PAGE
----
Living like a Local in Leeds, England

In February, with plans to head back to the states by the end of March, I had about 5 weeks left to explore more of Canada (I was in Montreal), but I was really feeling the need to slow down before beginning the journey home.  The project I worked on in Canada was over and I’d already adjusted to the cold, so I thought: why not finally make my way to the United Kingdom and go see friends?  It’s just a short flight ‘over the pond.’

Most of my time on the road has been spent in hotels, hostels and B&Bs- but that wasn’t the plan for my visit to Leeds.  One of my close friends Phil lives in the semi-small city in Northern England, in a flat about a ten minute walk from city center, and he welcomed me with open, excited arms.  Phil told me to stay as long as I wanted.  “Okay, Phil, I may stay a full month if I like it, honestly.  You’re going to get sick of me,” I warned.  “Oh shut up, just come!  Excited to see you.”

Off to England I went, to live like a local in Leeds.  I was kind of sick of being a tourist.

I landed in London and immediately got the train, taking no time to see any of the sites in the world famous city.  All I cared about was getting to Leeds and hanging out with friends.  Traveling solo can get lonely and the time you get to spend with truly close friends is coveted and invaluable.

“Three English Lads and an American,” Phil, Luke, Charlie and me.  We all met in Vienna in 2016, and here we are, reunited, drinking beer in Leeds!  

I stayed up late, slept in and chilled out.

It took almost the entire first week to adjust to the time change. No matter how seasoned of a traveler I am, jet lag still gets me every time. I was kind of a hermit that whole first week, doing my morning ritual and reading all day with coffee or tea in hand (when in England, you have to drink extra tea, right?).

When I had finally adjusted and started exploring the city I found myself pleasantly surprised with all it had to offer. It helped, perhaps, that I came to Leeds with fairly low expectations of the city itself, because it’s less of a landmark and more of an afterthought to London, Manchester or Liverpool.

In the weeks leading up to coming to Leeds, I was often asked by people I’d meet and share my plans with, “Why Leeds of all places?! There’s not much there.” I’m happy to say “they” were wrong, in my opinion, and I’ve found plenty in this cute little city that is Leeds.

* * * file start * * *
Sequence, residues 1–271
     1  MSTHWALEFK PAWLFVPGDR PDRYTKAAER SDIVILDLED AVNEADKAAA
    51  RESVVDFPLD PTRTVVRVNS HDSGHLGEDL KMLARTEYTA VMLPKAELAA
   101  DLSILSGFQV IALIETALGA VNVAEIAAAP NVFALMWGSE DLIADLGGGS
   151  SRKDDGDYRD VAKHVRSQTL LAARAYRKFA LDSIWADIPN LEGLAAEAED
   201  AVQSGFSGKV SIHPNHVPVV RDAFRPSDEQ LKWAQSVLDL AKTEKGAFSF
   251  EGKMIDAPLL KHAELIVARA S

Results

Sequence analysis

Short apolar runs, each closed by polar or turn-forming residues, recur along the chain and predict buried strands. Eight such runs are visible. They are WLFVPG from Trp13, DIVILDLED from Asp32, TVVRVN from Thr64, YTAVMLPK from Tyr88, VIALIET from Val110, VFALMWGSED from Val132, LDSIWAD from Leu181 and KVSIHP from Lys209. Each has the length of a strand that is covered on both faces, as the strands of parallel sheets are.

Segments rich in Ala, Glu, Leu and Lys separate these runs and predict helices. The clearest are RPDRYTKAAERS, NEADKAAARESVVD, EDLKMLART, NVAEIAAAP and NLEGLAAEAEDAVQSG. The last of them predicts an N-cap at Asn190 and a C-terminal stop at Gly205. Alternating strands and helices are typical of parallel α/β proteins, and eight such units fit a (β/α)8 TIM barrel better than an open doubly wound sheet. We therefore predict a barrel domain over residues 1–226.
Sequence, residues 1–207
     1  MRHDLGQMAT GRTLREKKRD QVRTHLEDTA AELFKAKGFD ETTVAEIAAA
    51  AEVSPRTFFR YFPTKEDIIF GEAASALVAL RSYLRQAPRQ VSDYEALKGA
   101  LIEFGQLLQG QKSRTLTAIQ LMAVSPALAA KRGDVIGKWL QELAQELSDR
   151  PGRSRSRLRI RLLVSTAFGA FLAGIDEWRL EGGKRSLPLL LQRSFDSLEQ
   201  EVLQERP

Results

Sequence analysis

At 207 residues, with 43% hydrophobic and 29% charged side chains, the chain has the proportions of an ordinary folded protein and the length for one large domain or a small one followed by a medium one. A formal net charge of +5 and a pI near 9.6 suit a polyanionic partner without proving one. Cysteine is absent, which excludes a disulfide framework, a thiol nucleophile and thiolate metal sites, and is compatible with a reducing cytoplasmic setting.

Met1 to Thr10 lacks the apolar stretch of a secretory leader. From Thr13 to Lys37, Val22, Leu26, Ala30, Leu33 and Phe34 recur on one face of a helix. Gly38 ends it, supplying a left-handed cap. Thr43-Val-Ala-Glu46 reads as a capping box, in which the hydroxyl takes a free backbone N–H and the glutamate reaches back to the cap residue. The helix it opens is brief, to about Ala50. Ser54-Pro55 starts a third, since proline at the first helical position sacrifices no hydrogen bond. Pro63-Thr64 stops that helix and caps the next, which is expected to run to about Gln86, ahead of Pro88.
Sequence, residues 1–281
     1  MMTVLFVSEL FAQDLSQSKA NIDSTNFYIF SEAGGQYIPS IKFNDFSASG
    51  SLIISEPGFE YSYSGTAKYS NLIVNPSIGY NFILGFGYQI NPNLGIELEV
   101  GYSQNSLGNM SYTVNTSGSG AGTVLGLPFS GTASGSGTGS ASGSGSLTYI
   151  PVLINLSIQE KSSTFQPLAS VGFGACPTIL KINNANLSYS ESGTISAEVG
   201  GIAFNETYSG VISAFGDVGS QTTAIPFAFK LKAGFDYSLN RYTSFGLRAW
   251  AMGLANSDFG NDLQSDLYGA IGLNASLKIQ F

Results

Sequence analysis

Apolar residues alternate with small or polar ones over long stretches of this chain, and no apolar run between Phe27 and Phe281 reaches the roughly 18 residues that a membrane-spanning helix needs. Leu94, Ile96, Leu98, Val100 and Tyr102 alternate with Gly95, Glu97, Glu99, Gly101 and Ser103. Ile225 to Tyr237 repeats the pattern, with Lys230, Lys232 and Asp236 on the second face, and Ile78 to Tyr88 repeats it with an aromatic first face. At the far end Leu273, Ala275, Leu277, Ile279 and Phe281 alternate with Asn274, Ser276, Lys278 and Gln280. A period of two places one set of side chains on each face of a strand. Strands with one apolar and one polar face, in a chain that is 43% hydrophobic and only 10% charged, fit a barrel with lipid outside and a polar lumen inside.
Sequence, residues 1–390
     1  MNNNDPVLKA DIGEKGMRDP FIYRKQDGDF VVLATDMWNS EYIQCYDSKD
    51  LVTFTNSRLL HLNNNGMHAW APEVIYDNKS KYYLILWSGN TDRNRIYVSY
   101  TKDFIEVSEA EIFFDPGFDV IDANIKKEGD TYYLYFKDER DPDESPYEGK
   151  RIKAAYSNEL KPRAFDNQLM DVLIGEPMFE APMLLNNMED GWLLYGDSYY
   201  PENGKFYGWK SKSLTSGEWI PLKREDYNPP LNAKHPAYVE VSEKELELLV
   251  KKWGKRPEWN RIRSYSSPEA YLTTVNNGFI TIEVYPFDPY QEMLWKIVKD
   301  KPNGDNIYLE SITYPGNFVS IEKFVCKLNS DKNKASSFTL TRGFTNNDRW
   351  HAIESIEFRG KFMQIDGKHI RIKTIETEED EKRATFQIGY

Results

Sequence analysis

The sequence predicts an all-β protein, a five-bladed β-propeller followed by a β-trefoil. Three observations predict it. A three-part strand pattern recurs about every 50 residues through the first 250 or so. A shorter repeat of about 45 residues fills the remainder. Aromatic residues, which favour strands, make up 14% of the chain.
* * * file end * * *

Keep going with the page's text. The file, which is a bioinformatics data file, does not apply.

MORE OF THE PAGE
Freezing cold and happy outside Leeds Minster | Photo by Nyx Labs

A few of my favorite highlights from my time in Leeds…

Storm Emma

Yes, I said that.  Leeds hadn’t seen a storm like that in about six years apparently, and it was kind of funny to watch everyone react to the seldom seen snow.  After my time in Montreal, I feel conditioned to such conditions, and found a lot of beauty watching the snowfall with tea in hand. 

Photo by Nyx Labs
Okay, yeah, I was freezing. | Photo by Nyx Labs

 Sunsets on the Canal

Street Musicians in City Center

 

 

Royal Armouries

A national museum which displays the National Collection of Arms and Armour (with fun photo ops).  The museum, like most in the city, was free to enter, and we were some of the few adults in the building as most attendees were children on school field trips- but hey, we fit right in and learned a bit about the history of weaponry.

Photo by Nyx Labs

Victoria Quarter

One of the most beautiful shopping centers I’ve ever seen- and I’m a former shopoholic, so I’ve seen quite a few.  The center is a £165 Million project development, and it shows.  It’s full of upscale boutiques that tempted me to throw my budget out the window and shop until I dropped.  

Photo by Nyx Labs


Leeds Dock

Photo by Nyx Labs

Kirkgate Market

Fresh orange and hibiscus juice?  YES Please!

Kirkstall Abbey

One of the oldest abbeys in England, and absolutely breathtaking.  It immediately felt like I was hours outside of any city and inside a historical vortex.  Hard to believe this place has been standing since 1152.  


I found tons of gems in this city and immediately outside of it.

I used Leeds as a jumping point for a road trip through Northern England and a trip to Scotland is only three hours away by train. (More on both of those experiences coming to the blog and YouTube soon.)

It was nice to be able to leave my massive suitcase (aka my house) at the flat, pack a small bag and just go. My month here truly flew by.

It’s been rejuvenating to have a little sanctuary in Leeds, to slow down, and hang out with my English friends and feel at home somewhere new. While I’ve been physically freezing (anyone hear about Storm a Emma?) my heart has been full and warm.

Big thanks to Phil for hosting me and showing me around his city; and another thanks to the Leeds Tourism Board for helping with my itinerary.

Enjoying the view of the city (and whipping “my hair back n’ forth” simultaneously) | Photo by Nyx Labs

WATCH the “Living like a Local” episode on Youtube here. 

 

 

 


Book your trip to Leeds using my partner link here.

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